Union and the preservation of the principles promulgated by President Lincoln, and we are sure of success if allowed an opportunity. In the name of God answer immediately.
G. P. MILLER, M. D.,
Box 725, Battle Creek, Mich.
Albany, N. Y., October 30, 1861.
Honorable SIMON CAMERON,
Secretary of War:
SIR: I had the honor to report to you on the 29th instant, by direction of His Excellency Governor Morgan, the departure for Washington of the First Regiment New York Volunteer Artillery, Colonel G. D. Bailey, commanding. Marching orders have since been issued to the following regiments, which will leave for Washington on or about the dates mentioned below:
First [Fifth] Regiment New York Volunteer Cavalry, Colonel De Forest, November 1; Second Regiment New York Volunteer Artillery, Colonel Palmer, November 2; Fifty-sixth Regiment New York Volunteers, Colonel Van Wyck, November 4; Sixty-first Regiment New York Volunteers, Colonel Cone, November 5; Fifty-eighth Regiment New York Volunteers, Colonel Krzyzanowski, November 6; Fifty-ninth Regiment New York Volunteers, Colonel Tidball, November 7; Fifty-seventh new York Volunteers, Colonel Zook, November 8; Sixty-sixth Regiment New York Volunteers, Colonel Pinckney.
The above are in addition to the four regiments previously ordered to report to Brigadier-General Burnside. Having been formed in most cases by consolidating incomplete regiments, it has been found impracticable to have them of the maximum strength, but it is designed that they shall not be less than the minimum strength, as provided in General Orders, Numbers 78, from this department. It is hoped that the regiments of which a list is given above will have reported at Washington on or before the 15th proximo. They have been recruited mostly in the city and vicinity of New York. From the 15th proximo to the 1st of December we shall be enabled to draw from the regimental camps in the interior of the State from ten to fifteen regiments.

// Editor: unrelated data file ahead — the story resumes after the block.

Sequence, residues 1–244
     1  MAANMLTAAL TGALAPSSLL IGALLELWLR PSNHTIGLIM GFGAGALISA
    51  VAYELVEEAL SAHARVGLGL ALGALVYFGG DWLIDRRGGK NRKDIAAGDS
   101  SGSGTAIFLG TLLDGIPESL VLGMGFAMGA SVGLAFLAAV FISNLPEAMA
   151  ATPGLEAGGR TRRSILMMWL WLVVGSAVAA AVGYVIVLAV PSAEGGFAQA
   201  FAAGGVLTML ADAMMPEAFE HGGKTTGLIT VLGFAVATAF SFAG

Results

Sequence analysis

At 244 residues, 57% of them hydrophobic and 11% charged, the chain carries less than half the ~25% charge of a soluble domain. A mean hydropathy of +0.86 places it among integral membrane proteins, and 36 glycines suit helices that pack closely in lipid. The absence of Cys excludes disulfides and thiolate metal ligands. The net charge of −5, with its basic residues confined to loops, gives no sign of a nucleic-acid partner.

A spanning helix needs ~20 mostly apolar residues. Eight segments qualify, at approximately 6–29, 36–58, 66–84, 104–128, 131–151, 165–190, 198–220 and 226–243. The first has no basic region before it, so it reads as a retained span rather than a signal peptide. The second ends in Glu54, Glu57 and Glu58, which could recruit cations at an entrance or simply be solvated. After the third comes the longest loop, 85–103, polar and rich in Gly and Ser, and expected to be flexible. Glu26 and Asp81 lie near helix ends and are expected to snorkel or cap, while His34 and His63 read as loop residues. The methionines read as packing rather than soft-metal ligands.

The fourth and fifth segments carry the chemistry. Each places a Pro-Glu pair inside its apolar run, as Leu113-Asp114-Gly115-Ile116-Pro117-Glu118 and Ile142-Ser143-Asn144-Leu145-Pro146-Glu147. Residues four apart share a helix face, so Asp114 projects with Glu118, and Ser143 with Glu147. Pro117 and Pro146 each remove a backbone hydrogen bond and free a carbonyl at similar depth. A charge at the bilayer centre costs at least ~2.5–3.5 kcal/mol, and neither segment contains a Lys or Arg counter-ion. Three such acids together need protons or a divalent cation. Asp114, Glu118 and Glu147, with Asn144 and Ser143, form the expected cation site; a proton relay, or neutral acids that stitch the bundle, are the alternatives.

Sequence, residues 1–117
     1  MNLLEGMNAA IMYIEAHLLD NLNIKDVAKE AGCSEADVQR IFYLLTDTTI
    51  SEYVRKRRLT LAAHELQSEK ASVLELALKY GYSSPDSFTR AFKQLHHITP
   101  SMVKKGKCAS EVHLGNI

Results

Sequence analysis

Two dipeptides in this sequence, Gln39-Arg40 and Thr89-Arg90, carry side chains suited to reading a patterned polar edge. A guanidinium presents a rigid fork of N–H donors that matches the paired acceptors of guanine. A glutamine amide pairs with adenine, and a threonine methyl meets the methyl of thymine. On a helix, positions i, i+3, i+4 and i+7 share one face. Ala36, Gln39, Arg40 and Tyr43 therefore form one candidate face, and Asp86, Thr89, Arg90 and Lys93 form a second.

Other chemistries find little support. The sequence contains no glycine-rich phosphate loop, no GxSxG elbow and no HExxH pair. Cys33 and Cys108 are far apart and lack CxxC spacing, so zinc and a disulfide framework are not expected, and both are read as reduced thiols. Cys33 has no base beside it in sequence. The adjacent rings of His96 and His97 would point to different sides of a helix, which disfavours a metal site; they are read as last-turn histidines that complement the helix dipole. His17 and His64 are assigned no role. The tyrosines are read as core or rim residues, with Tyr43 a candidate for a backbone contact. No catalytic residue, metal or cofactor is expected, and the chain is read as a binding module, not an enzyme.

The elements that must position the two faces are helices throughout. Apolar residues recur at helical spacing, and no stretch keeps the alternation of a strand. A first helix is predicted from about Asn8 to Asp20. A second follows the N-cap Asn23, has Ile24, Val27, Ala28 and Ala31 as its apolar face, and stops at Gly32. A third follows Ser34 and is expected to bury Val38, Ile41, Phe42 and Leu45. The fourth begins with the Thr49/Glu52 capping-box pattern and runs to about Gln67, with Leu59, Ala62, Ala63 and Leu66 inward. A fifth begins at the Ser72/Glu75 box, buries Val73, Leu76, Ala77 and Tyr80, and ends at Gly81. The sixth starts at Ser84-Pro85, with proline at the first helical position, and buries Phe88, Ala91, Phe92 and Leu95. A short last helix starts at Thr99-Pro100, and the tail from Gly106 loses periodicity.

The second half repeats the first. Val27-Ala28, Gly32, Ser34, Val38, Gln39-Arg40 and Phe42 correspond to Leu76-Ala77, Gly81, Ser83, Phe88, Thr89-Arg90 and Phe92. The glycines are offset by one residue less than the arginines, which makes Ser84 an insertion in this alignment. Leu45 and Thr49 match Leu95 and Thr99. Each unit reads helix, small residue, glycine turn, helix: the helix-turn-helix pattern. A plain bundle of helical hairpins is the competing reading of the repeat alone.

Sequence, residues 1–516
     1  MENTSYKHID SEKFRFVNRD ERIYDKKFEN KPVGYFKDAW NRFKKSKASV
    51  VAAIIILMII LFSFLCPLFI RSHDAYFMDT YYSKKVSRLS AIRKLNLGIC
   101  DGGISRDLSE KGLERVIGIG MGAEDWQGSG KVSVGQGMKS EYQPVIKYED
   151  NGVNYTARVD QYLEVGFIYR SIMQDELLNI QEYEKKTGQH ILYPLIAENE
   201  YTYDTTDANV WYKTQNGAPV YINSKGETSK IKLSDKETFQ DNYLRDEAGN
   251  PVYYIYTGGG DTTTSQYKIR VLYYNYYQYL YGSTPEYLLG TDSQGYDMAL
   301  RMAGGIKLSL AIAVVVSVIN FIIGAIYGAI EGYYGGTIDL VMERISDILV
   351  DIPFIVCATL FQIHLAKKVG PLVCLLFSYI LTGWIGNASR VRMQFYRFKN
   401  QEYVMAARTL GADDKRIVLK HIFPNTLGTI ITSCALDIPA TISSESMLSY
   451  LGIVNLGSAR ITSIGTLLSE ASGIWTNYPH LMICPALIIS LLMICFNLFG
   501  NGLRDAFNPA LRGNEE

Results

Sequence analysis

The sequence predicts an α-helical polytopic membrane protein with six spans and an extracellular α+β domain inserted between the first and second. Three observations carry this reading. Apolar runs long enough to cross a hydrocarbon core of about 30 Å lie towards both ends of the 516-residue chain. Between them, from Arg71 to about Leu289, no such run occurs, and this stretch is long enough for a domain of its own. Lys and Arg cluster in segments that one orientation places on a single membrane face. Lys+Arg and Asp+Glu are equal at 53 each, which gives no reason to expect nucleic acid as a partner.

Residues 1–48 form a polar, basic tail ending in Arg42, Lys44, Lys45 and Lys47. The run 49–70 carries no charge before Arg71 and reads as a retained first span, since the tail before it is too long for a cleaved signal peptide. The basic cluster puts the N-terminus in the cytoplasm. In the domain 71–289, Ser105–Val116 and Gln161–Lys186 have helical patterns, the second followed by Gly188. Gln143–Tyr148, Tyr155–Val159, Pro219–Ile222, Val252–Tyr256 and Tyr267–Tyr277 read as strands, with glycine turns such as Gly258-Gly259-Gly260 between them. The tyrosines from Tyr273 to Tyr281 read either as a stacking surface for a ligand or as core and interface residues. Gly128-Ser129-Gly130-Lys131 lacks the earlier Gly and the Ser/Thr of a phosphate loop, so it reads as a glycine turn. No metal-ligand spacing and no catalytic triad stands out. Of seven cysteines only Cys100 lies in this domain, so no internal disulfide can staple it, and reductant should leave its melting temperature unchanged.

I beg to call your attention to the subject of arming this large force. Beyond about 10,000 of the Enfield muskets and rifles, a part of which will have to be retained for the use of recruits for regiments from this State already armed with this weapon, the State has no supply. If Government would at once place, subject to the order of His Excellency Governor Morgan, as they may be required, a quantity of the Springfield muskets sufficient to arm, say, ten regiments, it would relieve the authorities from much embarrassment.
I have the honor to be, with much respect, your obedient servant,
COLUMBUS, OHIO, October 30, 1861.
THOMAS A. SCOTT:
I learn to-night New York Ellsworth regiment has been armed by Government with 1861 Springfield rifles, the State of New York having at same time 13,000 Enfield rifles in her arsenal. Ohio has not received